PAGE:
Prime Video’s ‘The Peripheral’ is a sci-fi drama that takes place in different timelines in the future, creating a complicated web of events that affect the past just as much as they affect the future. The protagonist is Flynne Fisher, a young girl who is focused on taking care of her family but becomes embroiled in something that points towards bigger conspiracies. Created by Scott Smith, the show is executive produced by Jonathan Nolan and Lisa Joy, who are known for another mind-bending sci-fi series, ‘Westworld’. From the technology to the imminent fate of the world portrayed in the show gives an eerie feeling to the audience, especially considering how some sci-fi stories tend to predict the future. If you are wondering where the concept of ‘The Peripheral’ came from and how much it resembles the real world, then here’s what you should know about it.
Is The Peripheral Based on a Book?
Yes, ‘The Peripheral’ is based on the 2014 book of the same name by William Gibson – it is not based on a video game. The author is previously known for creating sci-fi stories that dig into futuristic technology while also focusing on the political and climatic future of the world. For ‘The Peripheral’, the idea came to him as a very simple scene. “I had this girl walking down a hill to go to see her brother who lived in a house trailer. I didn’t really have anything else at all, and I didn’t know when it was, and I was just trying to channel the feeling of this girl who was the character,” he said. Once the characters seemed to be in the right place and the kind of people he wanted to follow, he started expanding the story, focusing on the world that they were living in. From here, things moved forward very quickly.
London serves as one of the important settings in the show and taking ‘The Peripheral’ there definitively molded its story. One time, Gibson was visiting London when he met a friend, who started talking about the political structure of things in the city. “He started telling me in glorious, and possibly completely fictional detail—I’ve never had the heart to look it up—how the government of the city of London actually works, how spookily non-democratic it manages in some ways to be, and how nobody ever really elects these people. And it completely delighted me,” he said. It impacted Gibson so much that he decided to put London as the other main setting of his story. “I decided that what was on the other side of the video game screen for Flynne was this relatively far-future London, run by those guys, and it instantly worked,” he added.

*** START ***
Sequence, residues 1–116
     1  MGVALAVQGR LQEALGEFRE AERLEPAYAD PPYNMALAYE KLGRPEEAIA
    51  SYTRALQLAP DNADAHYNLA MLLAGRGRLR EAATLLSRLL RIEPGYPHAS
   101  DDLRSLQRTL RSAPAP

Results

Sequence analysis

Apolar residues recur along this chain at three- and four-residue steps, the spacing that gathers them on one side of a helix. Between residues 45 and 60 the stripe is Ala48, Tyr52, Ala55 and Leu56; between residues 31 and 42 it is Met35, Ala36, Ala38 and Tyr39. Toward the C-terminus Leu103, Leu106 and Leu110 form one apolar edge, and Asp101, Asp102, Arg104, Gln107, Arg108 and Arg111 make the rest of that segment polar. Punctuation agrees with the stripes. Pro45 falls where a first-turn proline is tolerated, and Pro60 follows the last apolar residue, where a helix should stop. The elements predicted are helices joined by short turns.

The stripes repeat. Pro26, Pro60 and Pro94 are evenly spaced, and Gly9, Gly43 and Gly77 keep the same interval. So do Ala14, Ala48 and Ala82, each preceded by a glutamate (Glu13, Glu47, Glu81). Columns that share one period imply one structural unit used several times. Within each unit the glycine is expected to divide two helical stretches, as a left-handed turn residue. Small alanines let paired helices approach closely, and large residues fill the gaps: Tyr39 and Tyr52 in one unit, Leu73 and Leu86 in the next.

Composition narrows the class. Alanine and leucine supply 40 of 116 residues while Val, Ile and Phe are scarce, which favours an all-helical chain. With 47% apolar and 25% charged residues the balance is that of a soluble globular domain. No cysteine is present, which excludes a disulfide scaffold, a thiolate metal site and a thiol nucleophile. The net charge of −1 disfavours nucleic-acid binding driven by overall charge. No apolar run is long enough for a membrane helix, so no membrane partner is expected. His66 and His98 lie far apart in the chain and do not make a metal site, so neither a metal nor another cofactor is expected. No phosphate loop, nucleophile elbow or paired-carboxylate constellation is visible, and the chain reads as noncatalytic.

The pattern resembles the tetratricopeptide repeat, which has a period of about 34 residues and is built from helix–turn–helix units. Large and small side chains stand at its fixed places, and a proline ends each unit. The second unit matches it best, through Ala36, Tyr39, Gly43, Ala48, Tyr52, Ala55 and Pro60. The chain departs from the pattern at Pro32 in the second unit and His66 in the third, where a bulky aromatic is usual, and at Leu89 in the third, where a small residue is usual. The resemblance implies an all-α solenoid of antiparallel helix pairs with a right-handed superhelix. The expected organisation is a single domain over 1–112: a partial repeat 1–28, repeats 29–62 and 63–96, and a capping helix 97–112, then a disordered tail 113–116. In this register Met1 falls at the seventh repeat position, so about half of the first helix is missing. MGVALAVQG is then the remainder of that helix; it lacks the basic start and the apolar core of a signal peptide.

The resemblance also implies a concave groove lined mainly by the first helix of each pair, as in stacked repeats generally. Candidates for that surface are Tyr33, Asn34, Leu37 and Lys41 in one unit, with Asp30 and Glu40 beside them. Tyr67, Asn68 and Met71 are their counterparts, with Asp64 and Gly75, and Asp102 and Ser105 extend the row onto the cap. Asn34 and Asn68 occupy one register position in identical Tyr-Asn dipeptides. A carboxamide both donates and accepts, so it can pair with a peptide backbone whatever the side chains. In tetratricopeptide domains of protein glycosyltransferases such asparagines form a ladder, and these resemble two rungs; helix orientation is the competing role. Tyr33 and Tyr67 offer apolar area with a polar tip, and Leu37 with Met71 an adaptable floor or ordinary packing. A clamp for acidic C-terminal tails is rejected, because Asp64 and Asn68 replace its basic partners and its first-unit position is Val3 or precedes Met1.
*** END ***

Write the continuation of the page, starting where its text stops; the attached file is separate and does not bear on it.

While ‘The Peripheral’ is a unique story on all fronts, Gibson confessed that there were several other sci-fi stories that influenced his creation of this new world. He especially credits Bruce Sterling and Lewis Shiner’s ‘Mozart in Mirrorshades’ for informing the time travel aspect of his novel. He’d also read a lot of feminist science fiction of the 70s, from authors like Ursula Le Guin, Joanna Russ, Alice Sheldon, and Octavia Butler, which has influenced the way he writes female characters in his works.
For Lisa Joy and Jonathan Nolan, creating ‘The Peripheral’ was an opportunity to concoct an entirely new world for television. Nolan had always been a fan of Gibson and when the opportunity to bring his work on the screen knocked on his door, he decided not to let it go. Despite the expansive scale of the novel, adapting it for the screen led to several changes in characters and their plot lines, as well as in the representation of technology and the look of the different timelines and alternate realities. At its core, however, the show remains faithful to its source material, which in turn remains grounded in reality, even though it takes a fictional approach to show our world a fractured mirror.